Prince of the Press: How One Col­lec­tor Built His­to­ry’s Most Endur­ing and remark­able Jew­ish Library

Joshua Teplit­sky

  • From the Publisher
January 1, 2012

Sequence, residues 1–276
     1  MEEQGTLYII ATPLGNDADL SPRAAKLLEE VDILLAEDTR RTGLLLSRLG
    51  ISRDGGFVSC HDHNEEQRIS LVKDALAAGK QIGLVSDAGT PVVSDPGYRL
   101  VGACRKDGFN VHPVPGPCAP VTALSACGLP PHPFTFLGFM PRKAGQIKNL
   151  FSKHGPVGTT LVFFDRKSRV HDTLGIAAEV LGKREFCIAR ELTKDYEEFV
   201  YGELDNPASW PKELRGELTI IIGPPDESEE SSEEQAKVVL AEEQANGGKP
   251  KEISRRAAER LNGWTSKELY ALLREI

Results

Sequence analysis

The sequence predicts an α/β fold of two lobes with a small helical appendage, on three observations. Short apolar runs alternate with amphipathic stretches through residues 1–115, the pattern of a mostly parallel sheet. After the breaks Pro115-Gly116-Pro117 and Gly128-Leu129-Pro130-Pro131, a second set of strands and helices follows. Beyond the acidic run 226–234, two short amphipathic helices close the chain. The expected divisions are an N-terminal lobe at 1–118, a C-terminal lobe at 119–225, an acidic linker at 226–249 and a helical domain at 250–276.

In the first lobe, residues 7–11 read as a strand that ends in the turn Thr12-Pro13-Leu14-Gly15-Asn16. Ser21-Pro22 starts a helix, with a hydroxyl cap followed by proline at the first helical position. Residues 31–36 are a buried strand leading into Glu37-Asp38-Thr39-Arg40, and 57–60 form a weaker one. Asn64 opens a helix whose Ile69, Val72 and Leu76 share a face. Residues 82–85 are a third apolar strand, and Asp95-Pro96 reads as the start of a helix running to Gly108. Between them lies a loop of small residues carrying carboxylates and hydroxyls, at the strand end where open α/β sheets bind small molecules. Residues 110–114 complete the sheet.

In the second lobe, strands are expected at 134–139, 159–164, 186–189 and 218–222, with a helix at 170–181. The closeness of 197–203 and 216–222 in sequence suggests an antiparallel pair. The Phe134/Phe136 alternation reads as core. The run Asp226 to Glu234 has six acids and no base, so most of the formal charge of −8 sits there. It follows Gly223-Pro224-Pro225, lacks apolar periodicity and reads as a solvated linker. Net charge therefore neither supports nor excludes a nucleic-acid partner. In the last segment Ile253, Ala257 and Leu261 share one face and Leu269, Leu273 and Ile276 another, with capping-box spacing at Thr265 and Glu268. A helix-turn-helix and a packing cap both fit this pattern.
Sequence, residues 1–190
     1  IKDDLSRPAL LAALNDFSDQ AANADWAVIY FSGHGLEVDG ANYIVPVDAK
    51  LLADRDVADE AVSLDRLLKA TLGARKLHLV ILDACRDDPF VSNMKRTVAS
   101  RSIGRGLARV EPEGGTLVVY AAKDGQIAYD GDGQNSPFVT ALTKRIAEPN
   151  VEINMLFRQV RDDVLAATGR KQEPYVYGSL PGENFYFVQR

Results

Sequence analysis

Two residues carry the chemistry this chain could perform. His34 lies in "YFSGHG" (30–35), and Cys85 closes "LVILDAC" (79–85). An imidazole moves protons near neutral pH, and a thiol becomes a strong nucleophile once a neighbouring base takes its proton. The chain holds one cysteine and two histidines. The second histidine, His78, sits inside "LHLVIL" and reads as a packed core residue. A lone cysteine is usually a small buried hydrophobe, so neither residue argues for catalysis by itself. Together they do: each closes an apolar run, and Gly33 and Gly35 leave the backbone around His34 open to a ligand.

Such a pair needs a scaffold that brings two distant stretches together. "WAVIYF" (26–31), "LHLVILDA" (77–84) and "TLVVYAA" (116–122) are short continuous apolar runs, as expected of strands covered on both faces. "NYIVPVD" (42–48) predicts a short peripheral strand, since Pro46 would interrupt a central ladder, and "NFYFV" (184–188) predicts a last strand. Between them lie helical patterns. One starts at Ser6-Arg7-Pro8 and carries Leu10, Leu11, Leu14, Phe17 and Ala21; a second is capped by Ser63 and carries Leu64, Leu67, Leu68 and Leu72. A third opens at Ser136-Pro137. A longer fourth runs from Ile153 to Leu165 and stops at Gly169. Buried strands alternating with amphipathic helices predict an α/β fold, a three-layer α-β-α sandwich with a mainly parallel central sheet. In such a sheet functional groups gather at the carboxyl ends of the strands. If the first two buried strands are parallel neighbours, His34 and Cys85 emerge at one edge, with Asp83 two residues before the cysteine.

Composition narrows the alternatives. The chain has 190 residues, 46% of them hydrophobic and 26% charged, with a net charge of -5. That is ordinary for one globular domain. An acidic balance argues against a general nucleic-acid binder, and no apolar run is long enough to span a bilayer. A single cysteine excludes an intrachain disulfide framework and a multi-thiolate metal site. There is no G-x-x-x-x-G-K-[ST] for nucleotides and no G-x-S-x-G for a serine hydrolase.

David Oppen­heim (1664 – 1736), chief rab­bi of Prague in the ear­ly eigh­teenth cen­tu­ry, built an unpar­al­leled col­lec­tion of Jew­ish books and man­u­scripts, all of which have sur­vived and are housed in the Bodleian Library at Oxford. His remark­able col­lec­tion tes­ti­fies to the myr­i­ad con­nec­tions Jews main­tained with each oth­er across polit­i­cal bor­ders, and the con­tacts between Chris­tians and Jews that books facil­i­tat­ed. From con­tact with the great courts of Euro­pean nobil­i­ty to the poor of Jerusalem, his fam­i­ly ties brought him into net­works of pow­er, pres­tige, and oppor­tu­ni­ty that extend­ed across Europe and the Mediter­ranean basin. Con­tain­ing works of law and lit­er­a­ture along­side prayer and poet­ry, his library served rab­binic schol­ars and com­mu­nal lead­ers, intro­duced old books to new read­ers, and func­tioned as a unique source of per­son­al author­i­ty that gained him fame through­out Jew­ish soci­ety and beyond. The sto­ry of his life and library brings togeth­er cul­ture, com­merce, and pol­i­tics, all fil­tered through this extra­or­di­nary col­lec­tion. Based on the care­ful recon­struc­tion of an archive that is still vis­it­ed by schol­ars today, Joshua Teplitsky’s book offers a win­dow into the social life of Jew­ish books in ear­ly mod­ern Europe.

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